The Internet can be both an asset and detriment for brands. It allows anyone to voice his or her opinion, whether it’s valid or not. It’s a powerful forum that gives a voice to both the pleasant customers who are always gracious and understanding, and the crabby customers who are never satisfied – we all know the type.

Today, even more power has been given to both consumers or other brands now that anyone can buy a “.sucks” domain name. Anyone can put the “.sucks” extension on the end of any known brand, such as apple.sucks, and create a site about how much they hate the brand. While this is a forum for people to air their displeasures, and some certainly are deserved, this means any crackpot can potentially create ruin for brands or companies. For example, a disgruntled employee who doesn’t think they should’ve been fired, even though they were definitely in the wrong. Or, an unreasonable customer who is not interested in productive problem solving, often because they did not review the company’s policies before making a purchase, and feel that an exception should be made for them, etc.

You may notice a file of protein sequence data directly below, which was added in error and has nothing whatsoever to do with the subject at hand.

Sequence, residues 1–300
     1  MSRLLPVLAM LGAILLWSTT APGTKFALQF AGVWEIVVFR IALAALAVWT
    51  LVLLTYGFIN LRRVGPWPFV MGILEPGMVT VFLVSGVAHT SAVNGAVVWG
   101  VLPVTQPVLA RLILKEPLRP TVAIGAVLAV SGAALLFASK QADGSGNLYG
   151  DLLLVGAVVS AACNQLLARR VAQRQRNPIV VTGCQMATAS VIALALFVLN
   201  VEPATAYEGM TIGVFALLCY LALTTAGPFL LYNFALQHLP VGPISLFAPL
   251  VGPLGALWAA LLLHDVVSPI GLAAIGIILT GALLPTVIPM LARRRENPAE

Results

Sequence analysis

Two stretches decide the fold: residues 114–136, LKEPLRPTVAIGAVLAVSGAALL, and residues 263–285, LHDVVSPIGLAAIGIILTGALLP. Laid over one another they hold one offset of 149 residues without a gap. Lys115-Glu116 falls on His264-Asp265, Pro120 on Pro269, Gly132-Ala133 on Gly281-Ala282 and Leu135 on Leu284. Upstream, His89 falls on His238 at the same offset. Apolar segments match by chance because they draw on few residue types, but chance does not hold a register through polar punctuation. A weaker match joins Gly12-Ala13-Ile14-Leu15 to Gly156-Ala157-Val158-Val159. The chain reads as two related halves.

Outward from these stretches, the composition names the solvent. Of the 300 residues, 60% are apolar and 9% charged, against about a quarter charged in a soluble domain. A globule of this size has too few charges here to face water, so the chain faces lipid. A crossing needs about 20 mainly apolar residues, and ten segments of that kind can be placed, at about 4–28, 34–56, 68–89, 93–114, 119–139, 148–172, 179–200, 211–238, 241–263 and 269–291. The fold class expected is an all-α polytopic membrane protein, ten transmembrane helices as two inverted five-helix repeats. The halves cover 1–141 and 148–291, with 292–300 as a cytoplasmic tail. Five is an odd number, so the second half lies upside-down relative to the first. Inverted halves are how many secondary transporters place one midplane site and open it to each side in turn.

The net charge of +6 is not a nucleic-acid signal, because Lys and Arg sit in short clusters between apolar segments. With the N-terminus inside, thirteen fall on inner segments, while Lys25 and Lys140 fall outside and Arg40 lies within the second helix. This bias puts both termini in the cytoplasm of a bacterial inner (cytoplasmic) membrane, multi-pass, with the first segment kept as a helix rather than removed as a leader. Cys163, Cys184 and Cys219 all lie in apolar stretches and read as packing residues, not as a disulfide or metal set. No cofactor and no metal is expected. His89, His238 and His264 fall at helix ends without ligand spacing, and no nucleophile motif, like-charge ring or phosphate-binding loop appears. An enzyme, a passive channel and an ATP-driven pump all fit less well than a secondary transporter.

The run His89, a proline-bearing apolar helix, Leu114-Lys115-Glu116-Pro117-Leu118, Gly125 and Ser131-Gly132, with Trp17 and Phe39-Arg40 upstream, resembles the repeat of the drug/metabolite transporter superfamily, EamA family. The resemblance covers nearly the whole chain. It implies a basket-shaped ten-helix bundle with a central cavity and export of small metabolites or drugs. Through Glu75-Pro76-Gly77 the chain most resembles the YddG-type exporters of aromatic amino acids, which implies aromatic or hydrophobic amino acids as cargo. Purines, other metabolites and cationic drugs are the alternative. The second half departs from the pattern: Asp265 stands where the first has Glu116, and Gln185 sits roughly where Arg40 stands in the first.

The question is, how should brands react to this newfound consumer power? Should brands be pre-emptive and buy up all associated .sucks domains and create their own content and redirects to avoid some of the trouble this should cause? Or, could these sites be contributive to brands, potentially helping improve products or services? Could they be used for the greater good, to alert people to major social issues that need attention?

According to Direct Marketing News, transparency and authenticity in social media, and every other part of business, is a must to build customer trust. A brand cannot control its customer’s online activity, and it should not want to. Honest opinions can help a brand troubleshoot and thrive. So, instead of focusing on controlling the problem, brands should focus on embracing criticism and managing it.